• Robison Wells

On the Rolling of a Car

Saturday, I was driving from Salt Lake City, Utah, to Pocatello, Idaho. Some friends of mine in graduate school--the three of us were inseparable for those two years--now live in different cities and states, and Pocatello was the most central location for us to get together. We were going to have wings, because that is what we have always done. Wings. We haven't seen each other in three years and we had determined that once all three of us were fully vaccinated, we would take the plunge and go to a restaurant.

It was a normal morning. For some reason, my wife repeated to me more than once that I needed to be incredibly careful. I'm normally careful, but she was insistent this time.

At 9:30am, I put on an audiobook--a memoir, because I'm starting to write a memoir. This was The Anthropocene Reviewed, by John Green, and it is funny and smart and sad, and everything that a memoir should be.

I stopped in Willard, Utah, to get gas and a Danish. I bought a Monster Energy drink, which will come into the story later.

I drove north again, listening to my book and enjoying the quiet ride. I like driving. It's peaceful and relaxing. When my mental illness was at its worst I would take long road trips, driving 500 miles a day before returning home. It's therapeutic.

The sun was in my eyes, and I drove past a gas station in the little town of Malad, Idaho, and I thought I should have stopped there to buy a cheap pair of sunglasses. I started actively looking for a place to buy sunglasses.

And then, nine miles north of Malad, something happened, and the hard thing is that I don't know what it was. I was in the left lane of the two-lane freeway, going 80mph (which is the legal speed limit in that part of Idaho) and suddenly my left wheels had crossed the rumble strip, and then they caught the grass. This all happened incredibly fast, but I knew I was being pulled off the road and into the median, so I yanked the wheel--overcorrecting--and swung back across the freeway to the right.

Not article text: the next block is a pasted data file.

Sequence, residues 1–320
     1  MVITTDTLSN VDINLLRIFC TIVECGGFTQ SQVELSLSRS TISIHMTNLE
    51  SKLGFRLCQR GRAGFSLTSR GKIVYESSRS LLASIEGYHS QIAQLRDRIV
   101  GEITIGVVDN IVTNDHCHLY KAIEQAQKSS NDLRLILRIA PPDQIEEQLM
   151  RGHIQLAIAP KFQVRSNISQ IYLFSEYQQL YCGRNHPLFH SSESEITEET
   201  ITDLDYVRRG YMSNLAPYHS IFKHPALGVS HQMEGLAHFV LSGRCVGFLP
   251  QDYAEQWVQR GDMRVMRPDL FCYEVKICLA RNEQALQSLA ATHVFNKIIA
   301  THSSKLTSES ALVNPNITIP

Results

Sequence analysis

And then I flipped the car.

I don't remember flipping. There was no life-flashing-before-my-eyes moment where everything went still. I was just suddenly upside down in my car, hanging in my seatbelt. I tried to get my wits about me. The windshield was flat against the ground, broken and pressing down the weeds and dirt of the side of the road.

I heard voices outside, and then someone opened my door (I'm surprised that it opened). I don't remember if anyone asked if I was okay, but they probably did. Someone said they were going to cut off my seatbelt, but then I was able to unclip it, and came thumping down upside onto the roof of my car.

I don't remember what any of my rescuers looked like, but there were about six of them. Someone found something in the trunk of my car--it had opened in the rollover--and brought it over for me to lay on. It may have been a blanket or it may have been a floormat. I don't know. But I laid down.

Someone took my phone and called my wife, and then I talked to my wife, and she said she was on her way. She was calm. I was calm. I don't know why both of us were so calm.

The police arrived next. For a very brief period he asked me if I was driving drowsy, and I said I wasn't, and he pointed to that Monster Energy drink can that was now lying on the ceiling of my car, and I said that I wasn't using it because I was sleepy. He asked me if I was taking any medications, and I said I took a lot because I have schizophrenia, and he asked if I was on Seroquel, which I understand some people use as a street drug under the name Suzy-Q. But I wasn't. In fact, I told him that I had taken medicine that morning that is supposed to wake me up: Modafinil.

That line of questioning ended as the paramedics got there in the ambulance. They assessed me to be pretty okay, but asked if I wanted to go to the hospital. At first I said no, but then when I stood up I was pretty dizzy so I said yes.